IffyG
Feedback Score: 1 reviews
Recipes 
 
Join Date: Oct 2009
Location: Nashville
Posts: 1,390
Liked 60 Times on 49 Posts
Likes Given: 20

Default

Why can't you get a 20 quart aluminum stock pot from a restaurant supply shop and do a standard partial boil like almost everyone else?

__________________
IffyG is offline
 
Reply With Quote Quick reply to this message
Old 03-13-2013, 01:55 AM   #7
Thunder_Chicken
Registered User
Feedback Score: 0 reviews
Recipes 
 
Join Date: Jan 2013
Location: The Hinterland of the South Shore, Massachusetts
Posts: 2,101
Liked 657 Times on 461 Posts
Likes Given: 178

Default

Quote:
Originally Posted by IffyG View Post
Why can't you get a 20 quart aluminum stock pot from a restaurant supply shop and do a standard partial boil like almost everyone else?

Because my stove can barely get 8 quarts to a boil. Read the original post.
__________________
Thunder_Chicken is offline
 
Reply With Quote Quick reply to this message
Old 03-13-2013, 02:10 AM   #8
Weezy
HBT_SUPPORTER.png
Feedback Score: 0 reviews
 
Weezy's Avatar
Recipes 
 
Join Date: Jan 2013
Location: Pittsburgh, PA
Posts: 1,339
Liked 190 Times on 146 Posts
Likes Given: 118

Default

Have you considered just doing small batches? 2.5-3 gal? I'll brew 2 gallon partial mashes and top off to 3.

What's your true need for 5-6 gal? Brewing a kit? drinking and serving that much?

(I love me my 3 gallon better bottle with the rotating spigot.)

an option could be to do hops boil in pot with the specialty grains, then use other pot to just quick boil the extract in only as much water you can fit, then top off the ale pale with jugs of store bought RO water.

__________________
Weezy is offline
 
Reply With Quote Quick reply to this message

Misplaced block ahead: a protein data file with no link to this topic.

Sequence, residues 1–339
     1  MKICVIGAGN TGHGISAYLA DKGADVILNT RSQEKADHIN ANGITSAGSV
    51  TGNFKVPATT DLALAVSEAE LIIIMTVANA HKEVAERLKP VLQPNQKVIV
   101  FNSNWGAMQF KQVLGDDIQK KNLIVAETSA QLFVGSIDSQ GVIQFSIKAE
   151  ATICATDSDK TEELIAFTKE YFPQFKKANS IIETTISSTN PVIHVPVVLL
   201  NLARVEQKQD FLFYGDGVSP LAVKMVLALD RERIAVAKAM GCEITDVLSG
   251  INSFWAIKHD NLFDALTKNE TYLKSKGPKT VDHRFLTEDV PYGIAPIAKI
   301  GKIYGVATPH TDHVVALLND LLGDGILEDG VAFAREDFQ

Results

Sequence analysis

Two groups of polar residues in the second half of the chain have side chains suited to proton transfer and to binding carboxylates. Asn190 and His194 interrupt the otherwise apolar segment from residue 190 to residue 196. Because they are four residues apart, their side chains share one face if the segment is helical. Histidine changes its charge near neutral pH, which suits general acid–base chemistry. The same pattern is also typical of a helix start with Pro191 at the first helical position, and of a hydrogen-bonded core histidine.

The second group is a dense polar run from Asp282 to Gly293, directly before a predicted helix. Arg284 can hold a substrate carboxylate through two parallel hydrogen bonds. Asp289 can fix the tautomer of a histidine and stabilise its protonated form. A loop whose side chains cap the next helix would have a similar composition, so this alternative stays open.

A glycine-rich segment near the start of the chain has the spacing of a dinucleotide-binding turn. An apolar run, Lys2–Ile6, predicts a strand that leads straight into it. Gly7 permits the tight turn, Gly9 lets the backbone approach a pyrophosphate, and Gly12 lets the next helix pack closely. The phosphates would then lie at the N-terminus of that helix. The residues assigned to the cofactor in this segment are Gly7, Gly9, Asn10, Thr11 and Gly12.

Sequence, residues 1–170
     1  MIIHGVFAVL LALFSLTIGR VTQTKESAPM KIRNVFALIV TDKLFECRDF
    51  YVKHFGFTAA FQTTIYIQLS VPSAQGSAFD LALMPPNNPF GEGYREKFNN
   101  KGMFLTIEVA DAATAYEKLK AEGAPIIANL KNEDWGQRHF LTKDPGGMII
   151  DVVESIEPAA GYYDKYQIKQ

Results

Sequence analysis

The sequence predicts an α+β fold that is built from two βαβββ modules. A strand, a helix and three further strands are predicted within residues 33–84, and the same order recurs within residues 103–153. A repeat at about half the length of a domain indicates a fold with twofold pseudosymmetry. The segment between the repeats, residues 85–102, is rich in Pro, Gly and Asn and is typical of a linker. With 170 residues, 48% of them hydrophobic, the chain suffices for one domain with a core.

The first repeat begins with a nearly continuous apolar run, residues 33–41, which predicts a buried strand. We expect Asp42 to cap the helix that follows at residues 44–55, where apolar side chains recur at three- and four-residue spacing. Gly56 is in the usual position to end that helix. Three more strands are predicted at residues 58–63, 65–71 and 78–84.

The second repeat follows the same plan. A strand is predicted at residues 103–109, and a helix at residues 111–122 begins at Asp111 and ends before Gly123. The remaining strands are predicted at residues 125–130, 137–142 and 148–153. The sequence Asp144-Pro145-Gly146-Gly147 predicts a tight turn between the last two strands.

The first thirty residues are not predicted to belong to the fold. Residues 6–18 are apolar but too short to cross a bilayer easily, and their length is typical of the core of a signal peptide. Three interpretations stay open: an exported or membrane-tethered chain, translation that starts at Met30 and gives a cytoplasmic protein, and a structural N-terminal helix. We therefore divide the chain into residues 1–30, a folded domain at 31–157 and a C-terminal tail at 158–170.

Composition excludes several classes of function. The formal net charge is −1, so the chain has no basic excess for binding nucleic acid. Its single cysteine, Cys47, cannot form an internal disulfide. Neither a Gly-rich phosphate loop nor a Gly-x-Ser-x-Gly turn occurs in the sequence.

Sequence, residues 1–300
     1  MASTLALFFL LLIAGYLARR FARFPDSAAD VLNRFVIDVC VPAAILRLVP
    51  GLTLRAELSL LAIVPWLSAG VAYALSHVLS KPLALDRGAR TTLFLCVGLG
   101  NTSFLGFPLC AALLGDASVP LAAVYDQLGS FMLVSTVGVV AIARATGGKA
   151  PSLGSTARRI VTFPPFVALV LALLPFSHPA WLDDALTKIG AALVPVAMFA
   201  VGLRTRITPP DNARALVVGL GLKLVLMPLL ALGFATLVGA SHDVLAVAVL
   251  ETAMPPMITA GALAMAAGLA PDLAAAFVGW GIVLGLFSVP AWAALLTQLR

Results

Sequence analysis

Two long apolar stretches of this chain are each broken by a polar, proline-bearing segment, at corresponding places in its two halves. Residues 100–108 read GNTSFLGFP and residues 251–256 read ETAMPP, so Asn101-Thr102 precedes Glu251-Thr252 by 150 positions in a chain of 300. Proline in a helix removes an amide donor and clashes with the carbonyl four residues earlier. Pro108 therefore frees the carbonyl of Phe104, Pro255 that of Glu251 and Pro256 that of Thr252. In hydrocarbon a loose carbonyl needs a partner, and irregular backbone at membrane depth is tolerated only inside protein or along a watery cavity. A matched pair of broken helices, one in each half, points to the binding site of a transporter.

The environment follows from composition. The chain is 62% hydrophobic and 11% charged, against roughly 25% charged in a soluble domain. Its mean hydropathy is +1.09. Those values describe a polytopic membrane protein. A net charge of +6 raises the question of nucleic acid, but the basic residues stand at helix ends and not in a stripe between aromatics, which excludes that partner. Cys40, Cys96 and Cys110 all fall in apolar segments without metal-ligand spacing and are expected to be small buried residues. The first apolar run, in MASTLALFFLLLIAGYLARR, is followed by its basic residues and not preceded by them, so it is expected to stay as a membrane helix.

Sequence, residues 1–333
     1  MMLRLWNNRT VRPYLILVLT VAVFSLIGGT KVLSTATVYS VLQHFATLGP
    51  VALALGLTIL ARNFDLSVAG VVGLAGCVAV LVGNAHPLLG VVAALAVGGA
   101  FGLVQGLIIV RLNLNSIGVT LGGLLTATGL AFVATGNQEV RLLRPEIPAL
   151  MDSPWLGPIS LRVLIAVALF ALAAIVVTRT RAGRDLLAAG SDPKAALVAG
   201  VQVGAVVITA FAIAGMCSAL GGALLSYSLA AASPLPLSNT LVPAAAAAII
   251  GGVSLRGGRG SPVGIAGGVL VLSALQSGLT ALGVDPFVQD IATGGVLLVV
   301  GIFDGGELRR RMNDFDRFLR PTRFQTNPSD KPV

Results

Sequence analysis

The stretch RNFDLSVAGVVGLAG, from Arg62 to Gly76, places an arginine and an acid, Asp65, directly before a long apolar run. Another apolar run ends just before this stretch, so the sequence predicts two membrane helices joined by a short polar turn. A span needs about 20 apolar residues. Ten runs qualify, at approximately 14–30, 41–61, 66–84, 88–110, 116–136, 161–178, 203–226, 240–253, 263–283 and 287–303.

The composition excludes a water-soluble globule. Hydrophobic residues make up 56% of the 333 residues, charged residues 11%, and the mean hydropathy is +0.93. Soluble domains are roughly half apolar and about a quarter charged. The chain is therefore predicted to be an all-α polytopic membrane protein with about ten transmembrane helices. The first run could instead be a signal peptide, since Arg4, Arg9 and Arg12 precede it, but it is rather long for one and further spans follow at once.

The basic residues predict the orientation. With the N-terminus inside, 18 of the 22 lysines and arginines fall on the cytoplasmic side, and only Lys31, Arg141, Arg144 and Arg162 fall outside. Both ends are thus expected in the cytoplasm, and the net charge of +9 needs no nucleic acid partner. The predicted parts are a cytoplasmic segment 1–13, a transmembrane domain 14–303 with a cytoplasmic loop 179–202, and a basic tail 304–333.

Old 03-13-2013, 02:15 AM   #9
Thunder_Chicken
Registered User
Feedback Score: 0 reviews
Recipes 
 
Join Date: Jan 2013
Location: The Hinterland of the South Shore, Massachusetts
Posts: 2,101
Liked 657 Times on 461 Posts
Likes Given: 178

Default

Quote:
Originally Posted by Mongrel View Post
It should work fine. It takes a lot of pro breweries multiple batches to fill their fermentors. I would, however, suggest that you get your wort to pitching temperature immediately instead of letting it sit over night.
I chill the mash wort down below 90F and then chill it it in the refrigerator overnight with the lid sealed in plastic wrap. The bigger kettle with the DME wort I seal with wrap but leave in on the stove overnight (no room in the fridge). In the morning the mash wort is ~45F and the DME wort is in the 70s, so when I toss them in the fermenter the mix is generally in the low 60s and ready to take yeast.

I put a lid on both kettles immediately at the end of the boils to keep air exposure to a minimum while they are hot/warm. They don't get opened until they are at pitch temp.
__________________
Thunder_Chicken is offline
 
Reply With Quote Quick reply to this message
Old 03-13-2013, 02:20 AM   #10
Thunder_Chicken
Registered User
Feedback Score: 0 reviews
Recipes 
 
Join Date: Jan 2013
Location: The Hinterland of the South Shore, Massachusetts
Posts: 2,101
Liked 657 Times on 461 Posts
Likes Given: 178

Default

Quote:
Originally Posted by Weezy View Post
Have you considered just doing small batches? 2.5-3 gal? I'll brew 2 gallon partial mashes and top off to 3.

What's your true need for 5-6 gal? Brewing a kit? drinking and serving that much?

(I love me my 3 gallon better bottle with the rotating spigot.)

an option could be to do hops boil in pot with the specialty grains, then use other pot to just quick boil the extract in only as much water you can fit, then top off the ale pale with jugs of store bought RO water.
Well, I don't really need more beer, but I have half of a 5 gallon primary doing nothing but occupying space and holding CO2 now. If I can make more beer without occupying more real estate and needing more kitchen assets, then I get more beer to drink. Practically I might just be able to let it sit longer in primary to clean up and age and still get more (and better) beer.
__________________
Thunder_Chicken is offline
 
Reply With Quote Quick reply to this message
Reply



Quick Reply
Message:
Options
Thread Tools


Similar Threads
Thread Thread Starter Forum Replies Last Post
Small space, small batch? charlieree Beginners Beer Brewing Forum 3 10-25-2011 12:34 PM
primary fermenter for small batch brewing? HHammer Fermentation & Yeast 5 08-01-2011 12:35 AM
Small batch in 15Gal Primary? moxie Fermentation & Yeast 5 10-24-2010 02:29 AM
Small world -> UPS driver is a homebrewer! kappclark General Beer Discussion 15 09-25-2008 04:55 PM
Small Batch in 6.5 Primary. . . Georgian Novice General Techniques 2 01-28-2007 09:43 PM



Newest Threads

LATEST SPONSOR DEALS